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Ministers from France, Germany, and Italy are expected to meet in Rome this week to tackle youth unemployment and introduce reforms to relaunch growth and competitiveness. What is at stake is the European project. The German finance minister, Wolfgang Schäuble, described it as a "battle for Europe's unity", and warned that a revolution might occur if Europe's welfare model is abandoned. Joblessness is an emergency and it is good sign that it is on top of the agenda of the next European Council (to be held end of June). President Van Rompuy acknowledged  that the number of unemployed people in the Union, especially of the unemployed young, is at record levels. At last, European leaders are addressing social issues alongside economic ones.
The European Commission has proposed a series of measures in the framework of the Youth Employment Package: the European Alliance for
A year from now, at the end of May 2014, a new European Parliament will be elected. Before that, in September, the Germans will vote - deciding to keep or eject Angela Merkel, and the make-up of the governing coalition.
ECFR is using this opportunity to launch a new series on our blog – the “Berlin Notebook.” The idea is not only to follow the elections closely from Berlin, and deal with the various questions it throws up, but also to observe the shifts and changes within the new German government in the months ahead of the EP elections. This should help us understand whether or not the year 2014 will be a tipping point; whether or not it becomes the moment when Europe reconciles itself with its citizens, gets serious about integration, starts building a fully-fledged European democracy, and overcomes some old fashioned notions of sovereignty and nationalism.
Looking back, the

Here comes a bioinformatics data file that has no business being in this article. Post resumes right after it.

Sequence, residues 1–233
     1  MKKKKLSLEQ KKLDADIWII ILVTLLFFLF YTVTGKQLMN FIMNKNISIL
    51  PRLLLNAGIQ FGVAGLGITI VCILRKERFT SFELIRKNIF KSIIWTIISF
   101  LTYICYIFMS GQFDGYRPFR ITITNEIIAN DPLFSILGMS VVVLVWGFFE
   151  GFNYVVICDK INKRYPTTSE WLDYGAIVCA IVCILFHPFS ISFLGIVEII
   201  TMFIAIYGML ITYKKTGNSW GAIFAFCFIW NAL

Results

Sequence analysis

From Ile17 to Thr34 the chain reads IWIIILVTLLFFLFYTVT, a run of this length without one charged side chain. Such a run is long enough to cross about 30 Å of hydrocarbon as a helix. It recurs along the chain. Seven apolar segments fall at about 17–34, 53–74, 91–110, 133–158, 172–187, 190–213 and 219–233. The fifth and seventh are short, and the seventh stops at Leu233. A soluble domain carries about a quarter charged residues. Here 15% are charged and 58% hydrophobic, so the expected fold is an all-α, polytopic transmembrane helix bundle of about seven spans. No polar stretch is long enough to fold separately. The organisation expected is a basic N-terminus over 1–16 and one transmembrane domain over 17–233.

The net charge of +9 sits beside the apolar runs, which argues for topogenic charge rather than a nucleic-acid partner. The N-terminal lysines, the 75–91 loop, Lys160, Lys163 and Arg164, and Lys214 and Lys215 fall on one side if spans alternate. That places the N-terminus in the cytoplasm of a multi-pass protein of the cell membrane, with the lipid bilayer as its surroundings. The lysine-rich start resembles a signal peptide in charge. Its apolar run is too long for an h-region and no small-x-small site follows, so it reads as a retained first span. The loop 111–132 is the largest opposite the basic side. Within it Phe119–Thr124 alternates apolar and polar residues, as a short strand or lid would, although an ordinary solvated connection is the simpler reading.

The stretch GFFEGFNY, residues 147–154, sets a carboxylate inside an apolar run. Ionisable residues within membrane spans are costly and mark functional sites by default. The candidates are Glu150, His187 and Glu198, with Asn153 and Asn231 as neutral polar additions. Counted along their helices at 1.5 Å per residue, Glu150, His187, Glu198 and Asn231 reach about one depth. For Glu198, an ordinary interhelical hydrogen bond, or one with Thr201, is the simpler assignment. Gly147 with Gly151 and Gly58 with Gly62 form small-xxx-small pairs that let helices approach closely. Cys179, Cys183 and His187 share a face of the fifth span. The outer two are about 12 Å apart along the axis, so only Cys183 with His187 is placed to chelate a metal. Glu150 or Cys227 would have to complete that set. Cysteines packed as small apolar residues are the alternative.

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He is young and experienced, but - most importantly - he is a truly European. Enrico Letta, 46, the new Italian Prime Minister, is probably the last chance Italy has to avoid new elections. In a country paralysed by stagnation and where enterprises shut down every day, his first address was significant: "austerity measures” he said “have reached their limits." He also quoted President Barroso where he pointed out the urgency to place stronger emphasis on growth, including in the short term.
My bet is that European partners, as well as international markets, will like him. Letta has an old connection to the Union: from 2004 to 2006 he was MEP with the Group of the Alliance of Liberals and Democrats for Europe, sitting in the Committee on Economic and Monetary Affairs. At the age of 32 he was Minister for European Affairs under the first D'Alema government (becoming the youngest
Perplexity. That's what’s conveyed by the clash over austerity going on between the European Commission and the International Monetary Fund (IMF).
The debate is as extremely technical as it is profoundly political. In essence, it’s about how much national GDP falls with every point of tax cut. While it may seem rather complex, it’s actually rather simple: depending on the extent of the so-termed "fiscal multiplier", tax cuts can pump an economy back to life – or deflate it.
National and international blogs where economists debate these matters are abuzz with analyses and counter-analyses that attack and defend the austerity policies pursued by the EU. The problem is not just that the discussion about the fiscal multipliers has reached levels of complexity that delight only academics. The issue is that,
Deaf, inconsistent, and reckless: with these words a furious and tired Giorgio Napolitano, 87, referred to the parliament in his inaugural address on Monday as the reconfirmed (for the first time in Italy history) Italian head of state. He threatened to leave if politicians continue to act with “irresponsibility.” “I have a duty to be frank. If I find myself once again facing the kind of deafness I ran into in the past, I will not hesitate to draw the consequences,” he said, sounding like a teacher scolding his pupils. The warning was welcomed with warm and prolonged applause. It was a public admonishment over continued negligence that had hurt the country just as it had benefitted the political parties for many years.
The reconfirmation of Napolitano came after days of uncertainty and division. Notwithstanding his age and his stated desire to retire, Napolitano had no choice:
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